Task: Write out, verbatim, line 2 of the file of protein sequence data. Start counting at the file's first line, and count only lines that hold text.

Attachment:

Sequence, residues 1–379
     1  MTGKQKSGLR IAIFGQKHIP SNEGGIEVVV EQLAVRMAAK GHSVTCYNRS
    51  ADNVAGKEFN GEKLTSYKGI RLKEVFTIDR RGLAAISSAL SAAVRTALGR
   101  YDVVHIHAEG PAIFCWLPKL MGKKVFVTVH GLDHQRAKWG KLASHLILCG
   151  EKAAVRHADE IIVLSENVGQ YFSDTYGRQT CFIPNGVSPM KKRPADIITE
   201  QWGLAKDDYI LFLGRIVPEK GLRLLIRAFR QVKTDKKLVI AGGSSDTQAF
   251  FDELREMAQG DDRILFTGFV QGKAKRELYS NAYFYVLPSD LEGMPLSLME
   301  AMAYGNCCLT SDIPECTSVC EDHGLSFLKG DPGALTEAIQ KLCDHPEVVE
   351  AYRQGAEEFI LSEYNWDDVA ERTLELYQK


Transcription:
     1  MTGKQKSGLR IAIFGQKHIP SNEGGIEVVV EQLAVRMAAK GHSVTCYNRS